I can be a little bit of a control freak. It’s not that I’m a perfectionist, per se. I’m really not. I have high standards, but I’m also ok with the idea that perfect is the enemy of the good. I do, however, struggle with the idea that someone else might be able to do the project in the same way that I can. Reality is that someone else can’t — but that’s not necessarily bad, right?
A colleague described trying to help me on a project as the pit crew watching a race car speeding around a track, just waiting for the driver to stop. The crew wants to help and has to hope the driver stops in time to get help.
If I can stop at the pits just a couple of laps earlier and give everyone time and enough info to get up to speed, the race will have a better outcome.
I’m looking at adding some different responsibilities to my plate this year and I need to give myself time to ask for – and get – help. Waiting to ask until I’m coming from a place of panic doesn’t help anyone.
People need two types of help — the first is when you don’t know how to do something and the second is when you have too much on your plate and need to do a good job delegating.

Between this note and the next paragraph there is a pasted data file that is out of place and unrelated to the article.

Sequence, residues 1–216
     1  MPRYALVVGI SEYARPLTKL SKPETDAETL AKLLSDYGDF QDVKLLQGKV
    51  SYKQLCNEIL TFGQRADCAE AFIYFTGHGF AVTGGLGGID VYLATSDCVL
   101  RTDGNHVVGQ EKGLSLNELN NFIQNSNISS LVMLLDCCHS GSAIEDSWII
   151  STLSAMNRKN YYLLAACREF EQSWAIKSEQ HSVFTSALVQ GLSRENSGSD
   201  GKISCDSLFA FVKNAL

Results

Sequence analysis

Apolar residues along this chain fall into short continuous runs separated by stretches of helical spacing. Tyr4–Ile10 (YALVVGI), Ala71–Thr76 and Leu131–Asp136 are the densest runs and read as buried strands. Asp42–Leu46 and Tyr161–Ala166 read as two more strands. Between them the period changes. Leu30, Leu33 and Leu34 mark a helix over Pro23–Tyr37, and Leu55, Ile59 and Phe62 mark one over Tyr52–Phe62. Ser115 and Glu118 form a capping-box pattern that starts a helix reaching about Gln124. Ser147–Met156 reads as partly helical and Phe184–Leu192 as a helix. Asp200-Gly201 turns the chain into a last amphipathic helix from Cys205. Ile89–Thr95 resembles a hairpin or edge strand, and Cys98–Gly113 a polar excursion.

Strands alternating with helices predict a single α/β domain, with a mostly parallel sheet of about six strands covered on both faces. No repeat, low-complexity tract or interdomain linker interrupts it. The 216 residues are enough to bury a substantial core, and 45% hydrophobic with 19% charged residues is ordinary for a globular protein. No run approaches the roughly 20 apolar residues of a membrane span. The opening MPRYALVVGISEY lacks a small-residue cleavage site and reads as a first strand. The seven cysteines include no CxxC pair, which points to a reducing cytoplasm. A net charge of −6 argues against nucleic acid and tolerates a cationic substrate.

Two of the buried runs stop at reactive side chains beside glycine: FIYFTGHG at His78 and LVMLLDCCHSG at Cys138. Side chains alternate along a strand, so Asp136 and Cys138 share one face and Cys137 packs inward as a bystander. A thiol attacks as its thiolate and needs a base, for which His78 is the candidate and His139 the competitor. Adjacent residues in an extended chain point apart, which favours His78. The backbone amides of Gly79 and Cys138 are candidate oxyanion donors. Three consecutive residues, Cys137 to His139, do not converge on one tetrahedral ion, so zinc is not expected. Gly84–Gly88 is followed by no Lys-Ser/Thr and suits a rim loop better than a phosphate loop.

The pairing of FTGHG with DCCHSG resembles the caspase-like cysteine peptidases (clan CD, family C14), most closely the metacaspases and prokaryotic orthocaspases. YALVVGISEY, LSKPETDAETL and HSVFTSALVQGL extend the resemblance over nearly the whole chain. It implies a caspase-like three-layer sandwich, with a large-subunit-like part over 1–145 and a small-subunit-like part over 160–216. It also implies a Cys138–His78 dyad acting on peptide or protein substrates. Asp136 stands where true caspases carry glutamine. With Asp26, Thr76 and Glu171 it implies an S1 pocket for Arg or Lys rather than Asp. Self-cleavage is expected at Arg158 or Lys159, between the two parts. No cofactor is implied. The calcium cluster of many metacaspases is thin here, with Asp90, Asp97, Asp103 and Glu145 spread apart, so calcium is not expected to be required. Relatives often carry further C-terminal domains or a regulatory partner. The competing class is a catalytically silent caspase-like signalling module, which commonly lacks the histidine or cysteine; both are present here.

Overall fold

I struggle more with the latter than the former. I’m pretty resourceful when I need to figure out something new and tend to be able to recognize when I don’t know what I don’t know.
So my resolution is focused on doing a better job delegating and getting help to meet deadlines, project goals and my own expectations.
This list from About.com’s Small Business site about effective delegation really resonates with me. To summarize the points…
Analyze your needs: Get a clear picture of what’s on your plate to do a better job of knowing who to delegate to and what it is that you need them to do.
Explore your options: Can someone on your team do what you need? Do you need to hire? Is it a long-term need or a short-term project?
Document everything: meeting notes, client or project expectations, email chain of communication, ideas… everything. You can’t literally download your brain, but if you get as much out of it as you can, you will be better able to share the details with someone else.
Use technology: Whether it’s sharing files, detailing project tasks, scheduling, etc. I love technology and finding the right tool to do a better job. I have a little “shiny new tool” problem sometimes, but you never know when you’ll stumble on something great.
Communicate well and often: For me, this means scheduling time with my team. It can’t be “give me a call when you have a minute” kind of arrangement. No such time. Email, of course, is crucial. But regular face-to-face (when possible) is equally important.
Cultivate trust: Oh, boy, is this a biggie. I have a hard time trusting someone to do something the way I would do it. You can’t delegate and make sure the work is working if you don’t build trust in your team and among your team.
What do you think? Do you have trouble asking for help when you need it?